Directions: Take a morning train from Florence to La Spezia (typically connecting through Pisa). When you arrive in La Spezia, find the Cinque Terre office and purchase a day pass for the park. With around 10 euro you can freely ride the train between La Spezia and the 5 villages, as well as gain access to the paths. Total transport time from Florence to La Spezia takes about 2.5 hours.
Lucca: For the Dreamy Hipsters
The lure of Lucca is its bike culture. Rather than perching high on a hill, this Tuscan town sits between them. Due to intruders’ easy-access, the town was fortified with dominant, Medici-made walls in the 16th century. With the imminent threat of invaders gone, the walls now serve as delightful bike paths and offer lovely lawns for picnic pit stops. No bike? No worries! Bike rental shops can be found at every entrance to the city and rates run from about 2 to 5 euro for the day. After you’ve had your fill of posing for the perfect vintage-filtered instagrams (you’re biking in Tuscany, how could you not ‘gram it?), return the bike and discover the center. The San Martino cathedral is one of my favorites in Tuscany.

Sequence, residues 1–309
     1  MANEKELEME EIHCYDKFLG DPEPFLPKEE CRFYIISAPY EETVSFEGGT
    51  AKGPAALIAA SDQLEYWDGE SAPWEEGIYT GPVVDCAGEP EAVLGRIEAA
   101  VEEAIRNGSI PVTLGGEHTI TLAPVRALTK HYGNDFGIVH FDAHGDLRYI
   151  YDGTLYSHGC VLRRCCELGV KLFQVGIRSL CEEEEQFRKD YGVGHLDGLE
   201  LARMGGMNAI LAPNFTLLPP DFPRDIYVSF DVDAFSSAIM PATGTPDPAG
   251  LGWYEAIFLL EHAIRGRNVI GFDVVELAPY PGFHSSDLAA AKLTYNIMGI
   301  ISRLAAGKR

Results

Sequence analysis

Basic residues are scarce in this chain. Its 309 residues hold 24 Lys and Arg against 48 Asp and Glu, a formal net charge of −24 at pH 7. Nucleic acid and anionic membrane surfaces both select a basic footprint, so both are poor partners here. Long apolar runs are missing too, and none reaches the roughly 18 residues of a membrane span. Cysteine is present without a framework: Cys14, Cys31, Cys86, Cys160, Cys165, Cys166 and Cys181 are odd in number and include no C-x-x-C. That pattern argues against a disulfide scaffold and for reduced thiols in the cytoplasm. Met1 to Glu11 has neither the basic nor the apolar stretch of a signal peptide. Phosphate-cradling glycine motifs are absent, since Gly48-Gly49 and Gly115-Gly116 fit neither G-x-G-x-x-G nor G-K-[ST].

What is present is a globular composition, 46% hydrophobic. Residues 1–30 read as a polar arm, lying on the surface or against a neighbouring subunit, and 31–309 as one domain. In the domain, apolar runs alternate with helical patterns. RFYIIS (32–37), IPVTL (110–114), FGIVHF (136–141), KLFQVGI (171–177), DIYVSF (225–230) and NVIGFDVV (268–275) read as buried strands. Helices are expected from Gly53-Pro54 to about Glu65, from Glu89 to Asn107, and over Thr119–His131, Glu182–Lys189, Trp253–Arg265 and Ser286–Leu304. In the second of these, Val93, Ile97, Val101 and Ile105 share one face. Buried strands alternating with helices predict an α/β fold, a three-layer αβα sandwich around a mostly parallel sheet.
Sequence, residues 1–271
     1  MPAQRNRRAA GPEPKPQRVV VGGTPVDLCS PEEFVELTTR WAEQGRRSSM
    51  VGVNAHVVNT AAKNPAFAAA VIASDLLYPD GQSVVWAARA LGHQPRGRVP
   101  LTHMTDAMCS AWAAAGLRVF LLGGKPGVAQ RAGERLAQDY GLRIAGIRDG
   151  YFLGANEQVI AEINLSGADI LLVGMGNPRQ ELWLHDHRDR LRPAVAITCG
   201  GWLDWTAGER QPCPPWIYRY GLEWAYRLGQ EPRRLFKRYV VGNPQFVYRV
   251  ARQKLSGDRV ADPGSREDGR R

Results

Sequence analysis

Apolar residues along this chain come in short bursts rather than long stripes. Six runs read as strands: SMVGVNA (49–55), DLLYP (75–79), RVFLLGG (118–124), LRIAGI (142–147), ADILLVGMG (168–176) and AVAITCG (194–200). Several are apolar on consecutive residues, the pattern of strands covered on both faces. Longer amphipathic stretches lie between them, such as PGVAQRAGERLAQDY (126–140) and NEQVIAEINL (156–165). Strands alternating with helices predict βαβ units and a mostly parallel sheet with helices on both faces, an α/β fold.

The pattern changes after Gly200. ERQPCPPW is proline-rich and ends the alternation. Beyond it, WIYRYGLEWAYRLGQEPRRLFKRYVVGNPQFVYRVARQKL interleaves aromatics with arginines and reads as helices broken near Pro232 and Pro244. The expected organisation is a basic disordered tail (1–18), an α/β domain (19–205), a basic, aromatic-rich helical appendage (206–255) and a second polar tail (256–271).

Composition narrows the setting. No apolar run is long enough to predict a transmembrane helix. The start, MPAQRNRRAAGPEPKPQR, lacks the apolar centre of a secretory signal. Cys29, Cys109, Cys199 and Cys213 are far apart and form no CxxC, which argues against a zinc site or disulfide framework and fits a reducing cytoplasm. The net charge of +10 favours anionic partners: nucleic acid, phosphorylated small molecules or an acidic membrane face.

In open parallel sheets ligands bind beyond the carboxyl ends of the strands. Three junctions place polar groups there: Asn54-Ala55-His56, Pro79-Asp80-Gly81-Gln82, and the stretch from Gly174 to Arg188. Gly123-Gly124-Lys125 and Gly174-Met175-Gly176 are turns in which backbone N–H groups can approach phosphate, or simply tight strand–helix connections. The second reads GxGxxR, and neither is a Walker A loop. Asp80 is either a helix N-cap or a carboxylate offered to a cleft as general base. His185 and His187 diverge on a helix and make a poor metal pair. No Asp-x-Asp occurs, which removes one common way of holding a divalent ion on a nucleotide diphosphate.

Directions: The train from Florence to Lucca is easy and direct. When you arrive at the station, head straight out the front, cross a busy street and head toward the large walls to enter the center and old town.
Montepulciano: For the Romantic (or the Twi-Hard)
Montepulciano is every romantic fantasy you’ve ever had about Tuscany. Perched high on a hill, Montepulciano features steep, narrow streets, misty views over rolling vineyards and cobblestone everything. If you are a divorcee looking to rediscover the meaning of life and ready to pull an Under the Tuscan Sun, this is where you go to do it. My favorite part of this hill town is the church that sits just at its base–San Biago. Designed by Florentine Antonia da Sangallo, the freestanding, austere, symmetrical and very Roman-inspired church is a masterpiece that looks particularly dashing in the mist of dawn. Montepulciano is the home to pici pasta, Vino Nobile and, oh yes, Twilight. Don’t be surprised to see paraphernalia commemorating New Moon, the Twilight movie starring Montepulciano as Volterra…don’t ask. But do be on the lookout for vamps and Twi-hards.